Targeted policies that link benefits to behavioral conditions contribute to exclusion. They can reinforce unequal societal status (i.e. when conditional cash transfers increase women’s domestic responsibilities). They may also mask unequal access to services: Forcing people to attend schools and clinics does nothing to improve access to or quality of education and healthcare. The poorest households, who find it most difficult to access services, are at greatest risk of losing benefits when they cannot meet requirements. Perhaps more importantly, conditional polices reduce autonomy by forcing recipients to act according to imposed criteria rather than personal choice and aspirations. Improving the supply and quality of social services universally would be a more equitable and inclusive approach.

Policies that employ targeting also risk excluding the most vulnerable members of society from accessing social benefits. It is difficult to accurately identify needy households because measures of poverty are flawed and inconsistent. The poorest households may also lack information or leverage to demand their benefits from authorities. Targeted policies also risk excluding the growing informal sector, which already faces higher risks and lower social protection, as those who work informally may find it difficult to meet or prove eligibility requirements.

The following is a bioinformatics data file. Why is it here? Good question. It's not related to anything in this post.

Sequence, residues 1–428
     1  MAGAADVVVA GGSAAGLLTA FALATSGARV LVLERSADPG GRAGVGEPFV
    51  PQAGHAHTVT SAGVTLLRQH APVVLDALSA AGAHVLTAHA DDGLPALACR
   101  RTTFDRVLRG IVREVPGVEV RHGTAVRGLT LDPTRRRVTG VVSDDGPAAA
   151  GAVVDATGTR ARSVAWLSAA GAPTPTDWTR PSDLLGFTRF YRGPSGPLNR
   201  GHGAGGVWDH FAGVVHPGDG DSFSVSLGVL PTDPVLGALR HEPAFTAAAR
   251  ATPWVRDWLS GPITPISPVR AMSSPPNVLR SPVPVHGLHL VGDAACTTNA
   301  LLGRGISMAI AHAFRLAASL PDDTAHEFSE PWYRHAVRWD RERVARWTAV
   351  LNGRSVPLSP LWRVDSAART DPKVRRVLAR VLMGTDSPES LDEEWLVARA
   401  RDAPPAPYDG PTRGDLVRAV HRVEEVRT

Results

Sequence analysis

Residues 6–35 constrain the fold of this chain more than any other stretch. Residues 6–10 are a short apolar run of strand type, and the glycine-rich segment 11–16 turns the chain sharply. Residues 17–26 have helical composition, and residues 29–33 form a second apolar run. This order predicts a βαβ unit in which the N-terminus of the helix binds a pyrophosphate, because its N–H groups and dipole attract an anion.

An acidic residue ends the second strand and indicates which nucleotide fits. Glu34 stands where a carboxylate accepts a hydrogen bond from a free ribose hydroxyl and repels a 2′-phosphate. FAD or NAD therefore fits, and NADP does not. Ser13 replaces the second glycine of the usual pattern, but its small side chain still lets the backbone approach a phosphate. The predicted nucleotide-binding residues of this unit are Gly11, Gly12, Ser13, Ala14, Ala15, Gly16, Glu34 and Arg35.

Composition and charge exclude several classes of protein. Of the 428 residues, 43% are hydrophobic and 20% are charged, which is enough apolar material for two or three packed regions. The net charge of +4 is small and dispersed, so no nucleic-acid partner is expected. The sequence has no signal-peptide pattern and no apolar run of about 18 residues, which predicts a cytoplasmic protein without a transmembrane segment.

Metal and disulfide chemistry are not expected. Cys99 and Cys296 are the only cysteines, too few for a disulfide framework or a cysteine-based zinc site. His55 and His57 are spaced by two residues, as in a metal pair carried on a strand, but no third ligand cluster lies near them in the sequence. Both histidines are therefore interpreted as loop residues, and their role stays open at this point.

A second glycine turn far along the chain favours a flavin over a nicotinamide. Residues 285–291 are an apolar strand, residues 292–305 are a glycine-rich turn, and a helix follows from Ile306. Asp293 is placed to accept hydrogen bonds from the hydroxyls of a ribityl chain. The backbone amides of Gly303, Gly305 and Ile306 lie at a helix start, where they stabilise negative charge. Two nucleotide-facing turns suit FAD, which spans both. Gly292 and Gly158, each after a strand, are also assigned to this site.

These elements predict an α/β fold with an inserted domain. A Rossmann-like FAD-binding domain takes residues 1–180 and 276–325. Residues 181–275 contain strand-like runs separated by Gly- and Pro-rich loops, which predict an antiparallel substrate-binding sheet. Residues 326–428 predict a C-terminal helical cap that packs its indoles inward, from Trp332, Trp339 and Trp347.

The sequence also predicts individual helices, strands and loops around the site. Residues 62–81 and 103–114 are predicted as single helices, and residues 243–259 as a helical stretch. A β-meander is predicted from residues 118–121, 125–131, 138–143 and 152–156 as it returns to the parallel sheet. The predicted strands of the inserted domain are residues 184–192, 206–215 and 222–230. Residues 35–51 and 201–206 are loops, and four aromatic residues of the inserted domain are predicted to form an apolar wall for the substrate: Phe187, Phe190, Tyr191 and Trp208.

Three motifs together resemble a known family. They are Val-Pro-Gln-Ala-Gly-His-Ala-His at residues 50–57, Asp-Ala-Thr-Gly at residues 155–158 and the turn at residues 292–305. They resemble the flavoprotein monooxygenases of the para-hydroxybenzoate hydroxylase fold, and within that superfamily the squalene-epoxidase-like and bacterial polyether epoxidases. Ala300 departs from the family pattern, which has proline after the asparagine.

Finally, targeting undermines inclusion by reinforcing uneven power relations. The process of determining eligibility for benefits affords some individuals the power to categorize others and determine their access to vital goods and services. This increases subordination of beneficiaries to the power of traditional elites, patronage networks and bureaucratic systems.

Within a universalistic policy framework, selectivity can enhance inclusion by offering supplementary benefits to disadvantaged groups. In New Zealand, for example, services tailored to the indigenous Mãori population have complemented inclusive policies. Programs such as Mãori immersion education and community-based healthcare provision have made mainstream programs more responsive to local needs, facilitated empowerment of a historically excluded group, and increased inclusion through recognition of Mãori culture.

In this Mãori health clinic in South Auckland, New Zealand, traditional Mãori therapies supplement clinical health services. Source: The Encyclopedia of New Zealand

If the goal is to promote an inclusive society, a shift from targeting back to universalism in social policy would be welcome. But selectivity can be used to make universalistic policy frameworks more inclusive by providing additional benefits to disadvantaged groups.